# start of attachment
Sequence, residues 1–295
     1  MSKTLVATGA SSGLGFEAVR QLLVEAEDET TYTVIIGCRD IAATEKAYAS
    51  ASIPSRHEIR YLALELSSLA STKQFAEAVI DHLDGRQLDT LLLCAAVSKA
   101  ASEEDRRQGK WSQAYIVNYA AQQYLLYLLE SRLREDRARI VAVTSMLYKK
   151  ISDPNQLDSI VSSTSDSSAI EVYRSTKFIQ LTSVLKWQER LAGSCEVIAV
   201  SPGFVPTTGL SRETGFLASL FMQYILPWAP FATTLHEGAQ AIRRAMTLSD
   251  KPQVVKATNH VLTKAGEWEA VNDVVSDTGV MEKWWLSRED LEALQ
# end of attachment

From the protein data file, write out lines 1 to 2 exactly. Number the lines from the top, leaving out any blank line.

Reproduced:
Sequence, residues 1–295
     1  MSKTLVATGA SSGLGFEAVR QLLVEAEDET TYTVIIGCRD IAATEKAYAS